Life, Liberty, and the pursuit of Happiness, keeping in mind that the life of our society is more precious and more important than any one constituent.

Once again, Confucianism gets it right.

This is what I think about when I ride… Jhciacb

This Week By The Numbers…

Bikes Ridden: 6
168 miles
7.900’ climbing
15.2 mph avg
9,600 calories
11 hours 03 minutes seat time

Whether you ride a bike or not, thank you for taking the time to ride along with me today. If you haven’t already, please scroll up and subscribe. If you like what you read, give it a like and a share. If not, just keep scrollin’. Oh, and there’s this from Sonny Landreth. Enjoy…

To Be A Better Father…

It’s Father’s Day. My daughter is now 29 — the age I was when she was born. She lives 2,734 miles from me, so we won’t be having brunch today. We will share food though. At some point today I’ll send her some money electronically so she and her partner can order dinner in — on Dad. I’ll also call her and thank her for being a fine daughter and an outstanding person.

Father’s Day isn’t about me. It’s about her. I learned that lesson late, but hopefully not too late.

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I’ll just be pedaling along, in tune with the rhythm of the road and enjoying the cool air against my skin when it just pops into my head — a regret from days gone down. Most everything I regret has to do with divorce, being a father, and being a son. Regrets, unlike mistakes, aren’t forgivable, not for me anyway. My regrets always seem to involve the people I love. That residue lingers.
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I heard some wisdom recently that I’d never heard before — I’ve been chewing on it as Father’s Day has approached. It came from the philosopher, Jonathan Rowson, in an interview for the radio show On Being. Rowson, reflecting on advice somebody gave him before the birth of his first child, said this…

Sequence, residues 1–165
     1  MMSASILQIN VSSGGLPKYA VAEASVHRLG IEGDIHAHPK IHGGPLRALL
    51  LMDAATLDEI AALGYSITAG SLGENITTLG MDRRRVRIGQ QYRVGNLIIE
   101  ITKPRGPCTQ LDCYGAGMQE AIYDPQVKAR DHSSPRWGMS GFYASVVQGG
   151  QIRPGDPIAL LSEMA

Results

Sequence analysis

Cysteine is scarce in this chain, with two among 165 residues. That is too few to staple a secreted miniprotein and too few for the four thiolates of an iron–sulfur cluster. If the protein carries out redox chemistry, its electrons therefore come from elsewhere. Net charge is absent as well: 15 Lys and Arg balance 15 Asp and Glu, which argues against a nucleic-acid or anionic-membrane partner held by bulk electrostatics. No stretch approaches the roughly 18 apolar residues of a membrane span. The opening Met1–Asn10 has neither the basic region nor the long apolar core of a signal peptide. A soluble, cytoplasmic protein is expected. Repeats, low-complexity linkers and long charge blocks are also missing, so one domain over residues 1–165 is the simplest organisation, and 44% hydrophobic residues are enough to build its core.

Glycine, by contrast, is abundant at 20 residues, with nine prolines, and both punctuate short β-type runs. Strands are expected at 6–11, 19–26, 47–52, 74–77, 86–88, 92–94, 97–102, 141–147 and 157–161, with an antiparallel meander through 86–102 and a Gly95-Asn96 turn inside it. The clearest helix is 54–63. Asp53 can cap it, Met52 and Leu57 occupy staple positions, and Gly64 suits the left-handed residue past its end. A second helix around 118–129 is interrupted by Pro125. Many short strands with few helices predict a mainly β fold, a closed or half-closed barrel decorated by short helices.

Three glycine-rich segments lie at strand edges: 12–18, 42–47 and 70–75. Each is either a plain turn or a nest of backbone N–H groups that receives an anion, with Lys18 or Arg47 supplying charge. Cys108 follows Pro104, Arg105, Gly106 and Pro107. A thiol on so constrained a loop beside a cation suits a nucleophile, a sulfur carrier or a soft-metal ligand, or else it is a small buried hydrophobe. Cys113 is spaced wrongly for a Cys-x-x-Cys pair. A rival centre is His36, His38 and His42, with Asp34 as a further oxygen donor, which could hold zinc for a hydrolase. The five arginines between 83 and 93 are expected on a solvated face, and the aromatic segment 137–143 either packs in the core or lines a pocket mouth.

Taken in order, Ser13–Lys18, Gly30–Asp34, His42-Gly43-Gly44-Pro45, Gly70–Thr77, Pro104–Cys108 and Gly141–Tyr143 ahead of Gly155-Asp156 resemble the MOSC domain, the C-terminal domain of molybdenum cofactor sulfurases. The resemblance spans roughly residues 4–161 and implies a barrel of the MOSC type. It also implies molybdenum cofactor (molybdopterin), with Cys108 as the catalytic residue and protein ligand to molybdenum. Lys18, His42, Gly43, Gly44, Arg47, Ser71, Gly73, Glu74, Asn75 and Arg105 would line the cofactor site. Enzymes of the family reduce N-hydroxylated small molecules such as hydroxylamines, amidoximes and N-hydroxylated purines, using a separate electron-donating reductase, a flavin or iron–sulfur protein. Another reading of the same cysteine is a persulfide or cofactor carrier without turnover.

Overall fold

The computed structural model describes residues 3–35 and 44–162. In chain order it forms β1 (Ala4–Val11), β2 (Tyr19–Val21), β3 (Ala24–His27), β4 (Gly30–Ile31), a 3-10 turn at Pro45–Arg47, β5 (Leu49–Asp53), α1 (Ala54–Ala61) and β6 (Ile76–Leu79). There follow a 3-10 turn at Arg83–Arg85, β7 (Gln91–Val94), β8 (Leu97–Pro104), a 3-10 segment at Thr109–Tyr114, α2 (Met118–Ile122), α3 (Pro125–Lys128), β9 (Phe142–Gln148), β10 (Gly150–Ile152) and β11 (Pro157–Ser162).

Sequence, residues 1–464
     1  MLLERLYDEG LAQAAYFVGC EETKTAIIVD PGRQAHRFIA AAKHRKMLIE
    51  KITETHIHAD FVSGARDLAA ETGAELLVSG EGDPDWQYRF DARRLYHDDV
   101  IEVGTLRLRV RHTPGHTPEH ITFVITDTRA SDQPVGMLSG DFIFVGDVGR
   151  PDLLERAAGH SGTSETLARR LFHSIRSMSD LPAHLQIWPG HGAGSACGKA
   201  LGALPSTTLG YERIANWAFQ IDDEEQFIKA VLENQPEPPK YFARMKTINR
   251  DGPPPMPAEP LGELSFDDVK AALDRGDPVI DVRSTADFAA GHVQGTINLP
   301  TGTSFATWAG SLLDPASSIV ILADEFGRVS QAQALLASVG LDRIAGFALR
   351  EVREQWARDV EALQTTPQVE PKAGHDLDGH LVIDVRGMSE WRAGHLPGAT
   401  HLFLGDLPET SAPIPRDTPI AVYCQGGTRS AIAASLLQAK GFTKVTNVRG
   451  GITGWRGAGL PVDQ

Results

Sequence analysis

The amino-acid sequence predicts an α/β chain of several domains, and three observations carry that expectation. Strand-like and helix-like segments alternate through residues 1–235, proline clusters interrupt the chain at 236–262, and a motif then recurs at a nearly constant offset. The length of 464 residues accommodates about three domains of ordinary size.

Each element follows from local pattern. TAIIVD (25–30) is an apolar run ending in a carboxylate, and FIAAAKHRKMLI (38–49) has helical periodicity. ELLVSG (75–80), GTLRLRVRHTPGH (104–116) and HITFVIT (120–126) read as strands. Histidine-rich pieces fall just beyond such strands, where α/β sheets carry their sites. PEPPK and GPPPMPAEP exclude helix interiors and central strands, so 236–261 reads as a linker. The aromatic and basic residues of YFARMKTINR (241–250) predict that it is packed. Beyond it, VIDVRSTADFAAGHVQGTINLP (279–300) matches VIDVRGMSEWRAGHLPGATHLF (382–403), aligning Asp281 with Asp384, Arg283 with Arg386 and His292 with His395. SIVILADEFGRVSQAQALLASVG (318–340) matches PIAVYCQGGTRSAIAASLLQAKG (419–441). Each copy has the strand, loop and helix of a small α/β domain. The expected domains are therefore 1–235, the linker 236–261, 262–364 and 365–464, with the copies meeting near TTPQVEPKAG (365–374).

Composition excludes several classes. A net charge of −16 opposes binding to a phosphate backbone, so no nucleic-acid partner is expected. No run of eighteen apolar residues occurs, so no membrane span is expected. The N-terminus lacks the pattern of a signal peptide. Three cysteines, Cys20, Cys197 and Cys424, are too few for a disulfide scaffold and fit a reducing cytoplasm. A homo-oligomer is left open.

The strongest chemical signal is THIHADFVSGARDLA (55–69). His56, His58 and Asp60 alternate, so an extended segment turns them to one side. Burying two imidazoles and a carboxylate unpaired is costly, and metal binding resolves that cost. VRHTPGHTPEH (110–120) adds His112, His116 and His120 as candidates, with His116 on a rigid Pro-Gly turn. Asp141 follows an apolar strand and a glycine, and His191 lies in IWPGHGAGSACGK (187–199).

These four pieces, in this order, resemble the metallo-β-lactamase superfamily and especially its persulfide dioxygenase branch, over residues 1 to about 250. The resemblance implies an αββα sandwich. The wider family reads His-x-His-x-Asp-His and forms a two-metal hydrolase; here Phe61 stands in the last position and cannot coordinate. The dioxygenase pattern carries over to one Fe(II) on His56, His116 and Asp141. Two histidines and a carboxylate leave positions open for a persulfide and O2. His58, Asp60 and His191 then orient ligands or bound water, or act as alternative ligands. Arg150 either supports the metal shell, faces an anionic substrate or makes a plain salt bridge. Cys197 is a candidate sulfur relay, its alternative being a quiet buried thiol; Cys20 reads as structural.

“If you want to be a good father, the best thing that you can do is become a better husband…”

Now as simple and straightforward as that sounds, I’d never heard it before. I know I hadn’t heard it before because if I had, I would have remembered it. Whether I would have headed it or not, is something else. But statements like that are indelible.

Sadly, it never occurred to me that as a new father, the best thing I could have done would be to become a better husband. It makes so much sense in hindsight. But nobody told me.

So as I pedaled through the hills last night on the eve of Father’s Day, and as I sped past the vineyards and the orchards that decorate this community so sweetly, I stumbled onto a lingering regret and chewed on it for a while. I regret that as a younger man I wasn’t a better husband, and as such, to become a better father.

So if you’re reading this as an expecting father or as a recent father, please head the advice — like I said, it’s pretty straightforward. It might truly shape the life of a child, the life of a mother, and extend the life of a family.

And you’re an older father, all too familiar with the taste of regret, don’t wait for Father’s Day to come to you this year — it isn’t about you. Use this day to be a better father by being a better husband.

Nobody told me.

This is what I think about when I ride… Jhciacb

This Week By The Numbers…
Bikes Ridden: 6
201 miles
9,250’ climbing
15.3 mph avg
11,500 calories
13 hours 10 minutes seat time

Whether you ride a bike or not, thank you for taking the time to ride along with me today. If you haven’t already, please scroll up and subscribe. If you like what you read, give it a like and a share. If not, just keep scrollin’. Oh, and there this from Puddle Of Mudd. Enjoy…

A Missed LaChance…